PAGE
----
Long-distance swimmer Steven Robles said he was unsure if he would return to his sport after he was bit Saturday, July 5, 2014, by a great white shark near the Manhattan Beach Pier.
A fisherman had hooked the shark and had spent about 40 minutes trying to reel it in when the the agitated animal attacked. Robles, 50, was one of 15 swimmers training for a September swimming event when the 7-foot shark bit his hand and torso area, according to our sister station KTLA.
“It’s called a provoked attack, which means the shark was angry and it wanted to get away. The shark did not come up and purposefully attack somebody,” director of Roundhouse Aquarium on the pier and witness to the incident Erin Martin said.
Robles said he also injured his right hand as he tried to fight off the shark.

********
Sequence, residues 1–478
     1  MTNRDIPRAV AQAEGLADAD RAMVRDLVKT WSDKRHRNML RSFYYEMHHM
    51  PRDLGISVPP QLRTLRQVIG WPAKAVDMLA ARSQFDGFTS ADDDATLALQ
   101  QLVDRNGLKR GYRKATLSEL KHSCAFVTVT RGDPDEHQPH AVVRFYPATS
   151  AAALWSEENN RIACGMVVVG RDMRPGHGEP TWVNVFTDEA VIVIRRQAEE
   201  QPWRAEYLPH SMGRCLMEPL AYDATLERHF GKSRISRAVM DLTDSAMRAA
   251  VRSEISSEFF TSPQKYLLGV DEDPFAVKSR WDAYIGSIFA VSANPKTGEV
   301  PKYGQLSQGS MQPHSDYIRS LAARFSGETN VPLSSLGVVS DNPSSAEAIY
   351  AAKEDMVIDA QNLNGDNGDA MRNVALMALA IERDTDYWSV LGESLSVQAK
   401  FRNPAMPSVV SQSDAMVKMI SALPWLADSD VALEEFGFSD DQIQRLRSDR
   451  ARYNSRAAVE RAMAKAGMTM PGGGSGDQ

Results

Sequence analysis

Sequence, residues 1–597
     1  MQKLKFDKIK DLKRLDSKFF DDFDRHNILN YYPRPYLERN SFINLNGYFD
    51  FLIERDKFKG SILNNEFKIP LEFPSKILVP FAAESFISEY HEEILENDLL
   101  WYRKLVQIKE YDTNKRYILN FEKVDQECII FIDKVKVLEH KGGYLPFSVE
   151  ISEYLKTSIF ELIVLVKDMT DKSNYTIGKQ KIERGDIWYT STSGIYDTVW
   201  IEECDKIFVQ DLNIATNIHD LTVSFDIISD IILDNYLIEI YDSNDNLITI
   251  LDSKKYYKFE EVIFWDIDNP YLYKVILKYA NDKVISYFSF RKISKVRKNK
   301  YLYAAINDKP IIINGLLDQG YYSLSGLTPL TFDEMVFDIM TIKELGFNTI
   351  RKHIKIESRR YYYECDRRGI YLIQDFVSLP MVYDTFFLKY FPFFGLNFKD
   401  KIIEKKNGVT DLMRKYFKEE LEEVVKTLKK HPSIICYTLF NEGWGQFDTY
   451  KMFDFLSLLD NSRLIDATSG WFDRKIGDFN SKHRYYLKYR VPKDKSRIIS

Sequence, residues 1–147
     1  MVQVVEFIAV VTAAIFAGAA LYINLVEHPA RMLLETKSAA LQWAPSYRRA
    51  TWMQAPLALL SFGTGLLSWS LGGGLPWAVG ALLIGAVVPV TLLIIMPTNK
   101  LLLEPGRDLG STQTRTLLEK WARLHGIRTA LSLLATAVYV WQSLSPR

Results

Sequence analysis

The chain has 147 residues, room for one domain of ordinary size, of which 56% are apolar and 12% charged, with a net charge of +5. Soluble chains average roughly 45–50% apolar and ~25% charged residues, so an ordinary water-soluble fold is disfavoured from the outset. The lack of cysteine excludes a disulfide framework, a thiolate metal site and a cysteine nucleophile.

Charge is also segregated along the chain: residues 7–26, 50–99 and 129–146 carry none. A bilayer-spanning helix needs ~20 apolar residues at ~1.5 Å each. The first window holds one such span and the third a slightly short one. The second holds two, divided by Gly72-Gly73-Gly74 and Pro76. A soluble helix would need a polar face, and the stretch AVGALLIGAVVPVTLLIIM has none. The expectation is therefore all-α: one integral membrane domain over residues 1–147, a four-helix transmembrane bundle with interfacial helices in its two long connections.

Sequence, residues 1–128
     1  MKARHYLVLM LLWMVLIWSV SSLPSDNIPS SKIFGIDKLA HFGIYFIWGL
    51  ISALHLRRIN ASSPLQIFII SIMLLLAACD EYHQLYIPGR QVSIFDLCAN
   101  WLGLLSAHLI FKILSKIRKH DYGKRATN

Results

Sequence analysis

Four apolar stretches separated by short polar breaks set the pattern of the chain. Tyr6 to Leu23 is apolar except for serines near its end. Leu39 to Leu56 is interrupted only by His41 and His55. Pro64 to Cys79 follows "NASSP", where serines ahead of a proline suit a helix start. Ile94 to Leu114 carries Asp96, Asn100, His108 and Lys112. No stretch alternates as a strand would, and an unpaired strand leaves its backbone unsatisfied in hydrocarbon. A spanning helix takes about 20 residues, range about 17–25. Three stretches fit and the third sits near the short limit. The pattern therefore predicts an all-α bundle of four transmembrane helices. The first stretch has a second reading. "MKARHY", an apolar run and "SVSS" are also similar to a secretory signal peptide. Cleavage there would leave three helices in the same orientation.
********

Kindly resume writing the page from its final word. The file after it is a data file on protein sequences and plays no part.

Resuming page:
“At that point, when I felt that crunch going right into my chest — that was it. I thought, ‘Oh, my God,’” he said. “I grabbed his nose … and started pushing him, trying to pry him off of my chest. He released himself and swam away immediately. I never saw him again.”
The attack was a rare occurrence, Robles said, but he was still shocked and frustrated by the fisherman’s actions.
The fisherman, who asked not to be identified, described the incident in an interview.
“The rules and regulations are, when a great white is hooked, as soon as you can identify it you’re supposed to cut your line,” he said.
Officials closed the beach to swimmers for several hours following the attack and “coaxed” the juvenile shark back into deeper waters, according to a L.A. County Sheriff’s Department news release. Local authorities also halted fishing in the area until Tuesday, July 8.